The Office of Advanced Scientific Computing Research (ASCR) of the Office of Science (SC), U.S. Department of Energy (DOE), hereby announces its interest in receiving grant applications for research addressing the mathematical challenges involved in extracting insights from extremely large datasets (“petascale data”) and investigating fundamental issues in finding key features and understanding the relationships between those features.

…

All applications should address the potential for advances in mathematical methods or numerical algorithms and not just the application of methods and algorithms to a specific science problem, no matter how challenging.

…

This solicitation seeks applications for basic research in mathematical models, methods and tools for the representation, analysis, and understanding of petascale data.

They specifically mention data from physics simulations and observational data from cosmology as examples in the description.

Letters of Intent (required) are due 15 April, proposals are due 29 May. $4M is available for FY09; awards may be for up to 3 yr.

Dec 7th, 2008| 10:42 pm | Posted by TomLoredo

Hello Sloggers,

Every decade, the National Research Council (under the auspices of the National Academies) convenes a panel to survey the state of astronomy and astrophysics, and to recommend plans and funding priorities for the subsequent decade. The resulting *Decadal Survey* document has a profound influence on funding of astronomy research at every level. The process for the 2010 decadal survey has begun; Roger Blandford will discuss it at the January 2009 AAS meeting (AAS decadal survey session, Tues, 6 Jan, 8:30am). The National Academies web site hosts a page for the Astro2010 Decadal Survey with more information.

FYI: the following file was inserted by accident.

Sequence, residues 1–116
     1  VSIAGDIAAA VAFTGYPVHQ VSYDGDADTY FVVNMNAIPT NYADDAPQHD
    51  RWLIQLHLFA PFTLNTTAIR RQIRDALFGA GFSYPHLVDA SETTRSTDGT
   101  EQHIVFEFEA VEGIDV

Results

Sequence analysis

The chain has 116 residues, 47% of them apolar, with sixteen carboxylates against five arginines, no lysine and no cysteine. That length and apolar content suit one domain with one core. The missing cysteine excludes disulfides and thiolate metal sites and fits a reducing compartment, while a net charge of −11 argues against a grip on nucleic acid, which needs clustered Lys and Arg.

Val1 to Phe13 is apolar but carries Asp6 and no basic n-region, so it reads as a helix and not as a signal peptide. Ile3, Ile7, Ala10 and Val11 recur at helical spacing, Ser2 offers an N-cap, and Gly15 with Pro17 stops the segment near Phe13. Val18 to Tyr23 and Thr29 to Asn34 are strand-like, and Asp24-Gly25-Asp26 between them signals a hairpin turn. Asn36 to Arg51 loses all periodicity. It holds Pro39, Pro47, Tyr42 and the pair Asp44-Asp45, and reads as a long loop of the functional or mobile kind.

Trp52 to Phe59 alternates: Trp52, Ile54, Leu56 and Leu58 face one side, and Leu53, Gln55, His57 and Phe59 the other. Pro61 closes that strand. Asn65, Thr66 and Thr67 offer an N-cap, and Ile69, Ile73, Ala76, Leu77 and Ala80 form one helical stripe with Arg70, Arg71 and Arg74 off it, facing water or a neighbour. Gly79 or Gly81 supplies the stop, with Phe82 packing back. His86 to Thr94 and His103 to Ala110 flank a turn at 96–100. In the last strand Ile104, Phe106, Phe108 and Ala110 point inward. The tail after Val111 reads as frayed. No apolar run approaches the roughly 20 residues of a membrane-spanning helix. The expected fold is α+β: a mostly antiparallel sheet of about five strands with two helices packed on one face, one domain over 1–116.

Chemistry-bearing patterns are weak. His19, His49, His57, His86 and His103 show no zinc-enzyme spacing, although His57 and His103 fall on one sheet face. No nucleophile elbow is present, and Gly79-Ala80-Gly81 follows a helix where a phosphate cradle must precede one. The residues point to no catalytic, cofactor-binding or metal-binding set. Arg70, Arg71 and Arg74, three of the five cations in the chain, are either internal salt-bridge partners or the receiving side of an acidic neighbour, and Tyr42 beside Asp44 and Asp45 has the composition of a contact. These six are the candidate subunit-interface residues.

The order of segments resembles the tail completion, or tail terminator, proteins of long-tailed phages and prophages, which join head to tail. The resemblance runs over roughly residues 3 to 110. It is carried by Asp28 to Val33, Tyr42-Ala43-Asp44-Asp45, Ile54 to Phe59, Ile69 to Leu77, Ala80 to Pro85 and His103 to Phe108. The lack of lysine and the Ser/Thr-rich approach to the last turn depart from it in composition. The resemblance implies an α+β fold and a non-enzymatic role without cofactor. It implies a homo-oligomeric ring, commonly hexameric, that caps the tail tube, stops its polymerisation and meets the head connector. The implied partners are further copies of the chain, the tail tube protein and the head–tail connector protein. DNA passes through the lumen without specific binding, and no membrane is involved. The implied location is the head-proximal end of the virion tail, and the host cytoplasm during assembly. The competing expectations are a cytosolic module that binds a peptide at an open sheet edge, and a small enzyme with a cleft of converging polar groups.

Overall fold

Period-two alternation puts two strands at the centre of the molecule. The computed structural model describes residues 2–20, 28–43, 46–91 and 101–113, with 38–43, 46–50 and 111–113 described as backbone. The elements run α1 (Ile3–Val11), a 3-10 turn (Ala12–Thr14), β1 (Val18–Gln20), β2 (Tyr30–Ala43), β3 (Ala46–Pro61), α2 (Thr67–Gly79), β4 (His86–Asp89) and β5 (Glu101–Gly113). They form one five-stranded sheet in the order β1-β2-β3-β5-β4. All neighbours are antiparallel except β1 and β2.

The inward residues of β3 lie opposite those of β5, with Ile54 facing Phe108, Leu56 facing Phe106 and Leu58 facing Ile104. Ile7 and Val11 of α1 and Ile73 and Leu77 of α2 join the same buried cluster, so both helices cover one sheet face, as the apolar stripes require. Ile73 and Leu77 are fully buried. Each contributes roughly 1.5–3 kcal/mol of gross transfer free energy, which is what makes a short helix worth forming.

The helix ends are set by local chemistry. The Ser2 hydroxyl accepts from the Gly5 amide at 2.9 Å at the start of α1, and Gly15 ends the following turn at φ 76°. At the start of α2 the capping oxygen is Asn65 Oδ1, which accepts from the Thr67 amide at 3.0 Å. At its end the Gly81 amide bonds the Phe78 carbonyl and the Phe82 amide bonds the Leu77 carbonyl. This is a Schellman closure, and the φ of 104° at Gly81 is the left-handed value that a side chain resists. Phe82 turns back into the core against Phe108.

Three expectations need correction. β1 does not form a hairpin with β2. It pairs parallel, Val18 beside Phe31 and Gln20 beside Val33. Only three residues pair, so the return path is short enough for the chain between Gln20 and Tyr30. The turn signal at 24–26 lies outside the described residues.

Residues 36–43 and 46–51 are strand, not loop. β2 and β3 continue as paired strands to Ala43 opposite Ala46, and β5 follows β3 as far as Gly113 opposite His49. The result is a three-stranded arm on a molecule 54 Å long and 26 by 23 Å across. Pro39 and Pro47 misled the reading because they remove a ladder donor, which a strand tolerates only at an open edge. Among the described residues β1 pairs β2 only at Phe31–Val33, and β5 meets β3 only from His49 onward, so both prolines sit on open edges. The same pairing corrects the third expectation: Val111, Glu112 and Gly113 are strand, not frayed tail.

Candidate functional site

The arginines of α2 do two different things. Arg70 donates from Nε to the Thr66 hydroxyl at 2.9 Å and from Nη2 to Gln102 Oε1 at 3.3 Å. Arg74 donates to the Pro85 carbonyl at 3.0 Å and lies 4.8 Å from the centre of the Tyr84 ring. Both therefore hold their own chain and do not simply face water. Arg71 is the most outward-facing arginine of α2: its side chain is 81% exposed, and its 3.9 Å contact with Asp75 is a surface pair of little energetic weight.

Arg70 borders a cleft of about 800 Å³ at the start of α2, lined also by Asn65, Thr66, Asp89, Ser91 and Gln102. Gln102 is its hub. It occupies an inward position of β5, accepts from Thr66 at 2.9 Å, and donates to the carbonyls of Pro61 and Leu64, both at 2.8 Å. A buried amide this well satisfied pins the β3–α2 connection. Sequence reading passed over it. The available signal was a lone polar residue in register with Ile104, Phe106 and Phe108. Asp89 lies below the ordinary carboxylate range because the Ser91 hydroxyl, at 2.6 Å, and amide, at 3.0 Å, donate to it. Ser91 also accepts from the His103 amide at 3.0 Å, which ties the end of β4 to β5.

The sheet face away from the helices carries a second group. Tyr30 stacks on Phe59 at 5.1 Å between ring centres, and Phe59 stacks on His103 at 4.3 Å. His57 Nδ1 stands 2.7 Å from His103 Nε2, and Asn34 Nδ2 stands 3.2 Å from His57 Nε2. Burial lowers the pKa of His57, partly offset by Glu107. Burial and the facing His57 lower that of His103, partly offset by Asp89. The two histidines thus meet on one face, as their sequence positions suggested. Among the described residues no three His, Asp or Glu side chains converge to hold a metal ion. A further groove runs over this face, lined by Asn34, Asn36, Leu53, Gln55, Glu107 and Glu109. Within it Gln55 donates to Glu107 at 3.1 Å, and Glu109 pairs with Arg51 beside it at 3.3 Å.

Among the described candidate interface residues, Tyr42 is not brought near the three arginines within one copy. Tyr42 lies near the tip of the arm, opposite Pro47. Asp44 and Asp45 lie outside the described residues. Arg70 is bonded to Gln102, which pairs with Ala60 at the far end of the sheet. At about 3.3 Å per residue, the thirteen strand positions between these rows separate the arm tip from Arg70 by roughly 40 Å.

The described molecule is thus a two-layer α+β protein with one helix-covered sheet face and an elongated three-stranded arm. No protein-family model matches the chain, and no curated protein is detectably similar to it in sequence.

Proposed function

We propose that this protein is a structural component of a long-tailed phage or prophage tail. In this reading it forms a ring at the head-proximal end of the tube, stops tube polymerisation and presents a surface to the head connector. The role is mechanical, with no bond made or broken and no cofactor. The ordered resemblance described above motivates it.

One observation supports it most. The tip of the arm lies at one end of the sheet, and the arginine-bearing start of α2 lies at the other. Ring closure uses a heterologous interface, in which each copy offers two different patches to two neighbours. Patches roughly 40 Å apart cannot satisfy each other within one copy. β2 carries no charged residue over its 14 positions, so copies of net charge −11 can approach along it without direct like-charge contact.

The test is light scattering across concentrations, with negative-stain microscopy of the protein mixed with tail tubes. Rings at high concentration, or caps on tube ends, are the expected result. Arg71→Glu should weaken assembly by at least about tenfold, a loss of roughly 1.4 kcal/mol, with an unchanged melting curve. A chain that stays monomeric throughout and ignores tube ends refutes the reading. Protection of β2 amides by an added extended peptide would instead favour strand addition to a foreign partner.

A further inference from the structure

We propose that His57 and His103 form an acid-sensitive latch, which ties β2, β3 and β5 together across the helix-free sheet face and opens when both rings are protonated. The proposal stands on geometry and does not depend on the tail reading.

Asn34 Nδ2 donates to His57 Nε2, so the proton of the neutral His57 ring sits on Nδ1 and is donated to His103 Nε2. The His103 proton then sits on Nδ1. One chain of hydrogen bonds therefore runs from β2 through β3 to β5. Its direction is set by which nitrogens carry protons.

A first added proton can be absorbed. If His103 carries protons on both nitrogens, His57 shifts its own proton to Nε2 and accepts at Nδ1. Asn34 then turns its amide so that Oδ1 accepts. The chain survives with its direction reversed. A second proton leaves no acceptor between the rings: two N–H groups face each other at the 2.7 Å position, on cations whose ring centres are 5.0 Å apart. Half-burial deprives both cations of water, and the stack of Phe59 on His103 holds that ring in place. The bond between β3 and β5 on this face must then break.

White papers authored by individuals and groups in the astronomical community are a major source of input for the review panel. I would like to lead the effort on a collaborative white paper urging explicit, targeted support for (interdisciplinary) astrostatistics research (perhaps broadened to “astroinformatics” or “astronomical data analysis”). I would like to meet with any of you who would like to co-sign such a white paper, and help author it (as your resources allow). I think the AAS meeting offers a great opportunity for us to meet in person to start fleshing out ideas for the white paper, to be subsequently fleshed out via online interaction.

Here I’d like to discuss when to meet at AAS. Note that some Sloggers are participating in an astrostatistics special session, “Meaning from Surveys and Population Studies”, Monday, 2-3:30pm. In principle, since some of us will already be gathered there, it could make sense to meet afterward somewhere; but there are important prize lectures right afterward that I, for one, would like to hear. Other possibilities include lunch or dinner that day (Monday), or perhaps lunch or dinner the next day, after we’ve all heard Roger Blandford’s presentation on how the survey will work this year.

I have some concrete ideas for the white paper, and I’m sure some of you do, too. But here and now, let’s not get into content; let’s just organize a meeting at AAS.

With that, the floor is open for suggestions on a good meeting time/venue.